NOW A BBC RADIO 4 BOOK AT BEDTIME
WINNER OF THE WOMEN’S PRIZE FOR FICTION 2018
WINNER OF THE LONDON HELLENIC PRIZE
SHORTLISTED FOR THE INTERNATIONAL DUBLIN LITERARY AWARD
SHORTLISTED FOR THE COSTA NOVEL AWARD 2017
SHORTLISTED FOR THE DSC PRIZE FOR SOUTH ASIAN LITERATURE 2018
LONGLISTED FOR THE MAN BOOKER PRIZE 2017
‘A BOOK OF THE YEAR, 2017’ – GUARDIAN, OBSERVER, TELEGRAPH, NEW STATESMAN, EVENING STANDARD, NEW YORK TIMES
‘The book for our times’ Judges of the Women’s Prize
‘Elegant and evocative … A powerful exploration of the clash between society, family and faith in the modern world’ Guardian
Isma is free. After years spent raising her twin siblings in the wake of their mother’s death, she is finally studying in America, resuming a dream long deferred. But she can’t stop worrying about Aneeka, her beautiful, headstrong sister back in London – or their brother, Parvaiz, who’s disappeared in pursuit of his own dream: to prove himself to the dark legacy of the jihadist father he never knew.
Then Eamonn enters the sisters’ lives. Handsome and privileged, he inhabits a London worlds away from theirs. As the son of a powerful British Muslim politician, Eamonn has his own birthright to live up to – or defy. Is he to be a chance at love? The means of Parvaiz’s salvation? Two families’ fates are inextricably, devastatingly entwined in this searing novel that asks: what sacrifices will we make in the name of love?
A contemporary reimagining of Sophocles’ Antigone, Home Fire is an urgent, fiercely compelling story of loyalties torn apart when love and politics collide – confirming Kamila Shamsie as a master storyteller of our times.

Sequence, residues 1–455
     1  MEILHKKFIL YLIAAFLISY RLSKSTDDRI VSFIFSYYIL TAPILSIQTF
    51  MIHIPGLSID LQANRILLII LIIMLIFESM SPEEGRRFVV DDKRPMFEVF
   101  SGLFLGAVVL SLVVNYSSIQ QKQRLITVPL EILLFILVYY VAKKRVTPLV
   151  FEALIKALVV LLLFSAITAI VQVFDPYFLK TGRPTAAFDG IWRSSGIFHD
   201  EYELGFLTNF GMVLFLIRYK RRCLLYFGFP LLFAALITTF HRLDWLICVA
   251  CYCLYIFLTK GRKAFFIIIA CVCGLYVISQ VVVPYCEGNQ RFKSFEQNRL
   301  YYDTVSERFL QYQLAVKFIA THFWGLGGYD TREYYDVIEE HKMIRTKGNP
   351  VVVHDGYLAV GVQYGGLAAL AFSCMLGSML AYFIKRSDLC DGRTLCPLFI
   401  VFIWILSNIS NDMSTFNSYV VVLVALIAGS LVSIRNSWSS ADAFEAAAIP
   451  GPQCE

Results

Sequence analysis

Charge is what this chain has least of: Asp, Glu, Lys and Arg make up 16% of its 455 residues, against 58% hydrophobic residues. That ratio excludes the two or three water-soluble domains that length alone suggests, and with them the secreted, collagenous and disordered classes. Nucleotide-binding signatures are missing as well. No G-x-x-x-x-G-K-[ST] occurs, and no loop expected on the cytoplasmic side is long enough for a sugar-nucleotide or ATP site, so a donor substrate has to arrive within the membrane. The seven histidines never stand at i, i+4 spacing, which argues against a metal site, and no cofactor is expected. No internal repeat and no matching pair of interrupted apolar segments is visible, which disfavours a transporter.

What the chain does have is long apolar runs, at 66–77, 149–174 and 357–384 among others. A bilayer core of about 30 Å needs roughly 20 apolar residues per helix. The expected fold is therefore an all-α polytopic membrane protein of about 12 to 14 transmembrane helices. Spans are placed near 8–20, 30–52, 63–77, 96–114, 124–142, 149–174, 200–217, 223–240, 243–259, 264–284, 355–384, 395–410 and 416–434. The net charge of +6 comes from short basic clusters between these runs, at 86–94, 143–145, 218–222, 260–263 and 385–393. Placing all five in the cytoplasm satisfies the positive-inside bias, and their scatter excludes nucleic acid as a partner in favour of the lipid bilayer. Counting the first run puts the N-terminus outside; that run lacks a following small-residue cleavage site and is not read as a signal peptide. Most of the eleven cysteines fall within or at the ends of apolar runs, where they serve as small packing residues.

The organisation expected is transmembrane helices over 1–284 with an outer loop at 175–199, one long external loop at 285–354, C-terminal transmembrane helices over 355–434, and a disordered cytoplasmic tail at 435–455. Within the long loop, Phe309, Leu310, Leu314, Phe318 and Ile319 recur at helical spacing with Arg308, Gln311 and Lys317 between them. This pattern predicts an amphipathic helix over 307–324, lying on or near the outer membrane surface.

Occasionally you know that one of the writers alive at the same time as you has written the book they were born to write ... Home Fire has lit a light that'll never go out; Shamsie's version of Antigone reveals the ancient tragedy we're living now -- Ali Smith * Guardian, Books of the Year * A modern retelling of Antigone set among a family divided by politics, love, and radicalism. In fewer than 300 pages, it managed to do all the things I want novels to do - tell me something about the world, give me a tiny glimpse into the otherness of others, and, most of all, give me that ache of longing as I turned the last page and realised I would never meet these characters again -- Tahmima Anam * Observer, Best Books of the Year * Why do some people become radicalised? It's a question I've explored with experts on-air, but perhaps fiction can provide greater insight. Kamila Shamsie's powerful novel Home Fire, inspired by Sophocles's Antigone, did just that -- Martha Kearney * Observer, Best Books of the Year * I very much enjoyed and admired Home Fire by Kamila Shamsie, a politically and psychologically acute novel modelled on Sophocles's Antigone - but reworked as the story of two British Muslim sisters and their jihadist brother -- Emily Wilson * New Statesman, 'Books of the Year' * I enjoyed Kamila Shamsie's Man Booker-longlisted Home Fire, which does a great job of bringing Sophocles's Antigone into the world of Skype and Isis. Shamsie's writing resonates on the human, political and lyrical plane but its topicality, tight plot and vivid characterisation also suggest a film script in the making -- Melissa Benn * New Statesman, 'Books of the Year' * Seeking a template for these dark and strange days many works have modernised Greek dramas ... A particularly classy example was Home Fire, in which Kamila Shamsie relocates Antigone by Sophocles to Western and Eastern capitals during the "war on terror" -- Mark Lawson * New Statesman, Books of the Year 2017 * Anchors newsy debates in characters whose motives we would rather shrink from ... Home Fire persuasively retold Antigone as the story of a teenage Londoner groomed to join Isil -- Anthony Cummins * Telegraph, Books of the Year * The fiery new novel by Kamila Shamsie, Home Fire, which takes us from the suburban streets of Wembley to the killing grounds of Islamic State-ravaged Raqqa. Shamsie tackles issues of terrorism, political showboating and jihadi recruitment in London through the prism of a classic two-sides-of-the-track love story -- George Osborne * Evening Standard, Books of the Year * Here comes Kamila Shamsie's astonishing Home Fire, speaking ancient and brand-new truth to the world ... A novel so breathtaking in the calm and witty and unshowy and inexorable telling of its story that, as I was reading it, I kept finding myself not sitting on the sofa any more reading the book but somehow standing in the kitchen wondering why on earth I'd gone through to the kitchen, what for? And realising it was that I'd kept having to put the book I was reading down and leave the room, and as soon as I realised where I was and where I wasn't, I was off, back to the grip of the book again ... The result is powerful, and in this making of a new home for the old story of the small girl who takes it upon herself to speak truth to power, she produces what I think you can truly call a contemporary classic -- Ali Smith Home Fire left me awestruck, shaken, on the edge of my chair, filled with admiration for her courage and ambition. Recommended reading for prime ministers and presidents everywhere -- Peter Carey Elegant and evocative ... A powerful exploration of the clash between society, family and faith in the modern world, tipping its hat to the same dilemma in the ancient one * Guardian * Two families' fates are devastatingly entwined in this searing novel that asks: what sacrifices will we make in the name of love? * Irish Times * Builds to one of the most memorable final scenes I've read in a novel this century ... There is high, high music in the air at the end of Home Fire * New York Times * Home Fire blazes with the kind of annihilating devastation that transcends grief * Washington Post * Retells Antigone against the backdrop of contemporary London, weaving a poignant and timely tale of two British Muslim families with differing ideas about loyalty to the state * Observer, Fiction to Look out for in 2017 * Conflicts of loyalty in two British Muslim families unfold against a backdrop of religious fundamentalism - this is geopolitics made arrestingly personal * Daily Telegraph * Shamsie's simple, lucid prose plays in perfect harmony with the heartbeat of modern times. Home Fire deftly reveals all the ways in which the political is as personal as the personal is political. No novel could be as timely -- Aminatta Forna A good novelist blurs the imaginary line between us and them; Kamila Shamsie is the rare writer who makes one forget there was ever such a thing as a line. Home Fire is a remarkable novel, both timely and necessary -- Rabih Alameddine A searing novel about the choices people make for love, and for the place they call home -- Laila Lalami Home Fire is longlisted for the Man Booker prize. It's a worthy contender and one pays it the highest compliment one can pay fiction: it makes you think. Uncomfortably -- John Sutherland * The Times (Saturday Review) * Home Fire is utterly contemporary and deeply original too -- Arifa Akbar * Evening Standard * Home Fire is a literary thriller about prejudice and the slide into radicalisation, but it is also an expansive novel about love ... The ending seems alternately as if it were a made-for-television event that is impossible to draw yourself away from and a morality play that underlines the folly of our political zeitgeist. I read the book twice trying to decide which of the two it was, but mostly because I had fallen under its spell -- Rahul Jacob * Financial Times * A provocative work from a brave author ... which will inspire the admiration of many * Irish Times * Shamsie handles the story with impressive dexterity, right up to its shocking and strangely beautiful ending. Her prose is propulsive and unfailingly elegant, and her eye for detail is acute ... brave and brilliant novel -- Edmund Gordon * Sunday Times * Urgent ... Shamsie expertly distils a vast socio-political landscape into human bodies -- Preti Taneja * New Statesman * Outstanding ... Shamsie tackles personal and political questions with a light touch and an acute sense of injustice ... What makes this intense novel so compelling is her lyricism -- Sarah A Smith * Literary Review * An intelligent, thought-provoking and beautifully written novel about family, identity and divided loyalties, it elegantly echoes Sophocles' Antigone -- Simon Humphreys * Mail on Sunday * Kamila Shamsie's heartrending seventh novel pits the political against the personal as a family's love and loyalty are tested to the core ... Shamsie brilliantly captures the desperation of the family and their efforts to bring Parvaiz home to London in a devastatingly good novel * Sunday Express * The ties of familial love are pulled taut in this beautiful book * Red * One of the best novels of the year ... magnificent ... Home Fire is insistently intelligent without becoming didactic ... conveyed in prose of stunning suppleness and economy ... Home Fire is everything literary fiction should be - an exciting, beautiful, profound novel of lasting value that deserves laurels. I hope the Booker judges will agree -- James McNamara * Spectator * Shamsie's prowess as a storyteller infuses Home Fire with an addictive vitality ... It is not just the skill with which Shamsie wraps this story around its Sophoclean bones that makes Home Fire distinctive; it is also the care with which she humanizes her characters * Prospect * Shamsie's timely fiction probes the roots of radicalism and the pull of family * O Magazine * Examines what it is to be a British Muslim and subtly considers the choices faced by those who crave power ... Gripping * Scotsman * A fascinating exploration of brother-sister loyalty ... This fast-paced literary novel is a clever, contemporary reimagining of Sophocles' Antigone for our age of anxiety * Daily Mail, 'Summer's Hottest Reads' * A timely reworking of the Greek myth Antigone, which scooped this year's Women's Prize for Fiction * Mail on Sunday, 'Sizzling summer reads' * Home Fire by Kamila Shamsie pulls no punches; recasting the Greek tragedy Antigone in a contemporary mix of Isis, rendition and torture seen through a family lens ... The charge is quickly lit and the novel builds to an unbearably powerful ending * Sunday Times *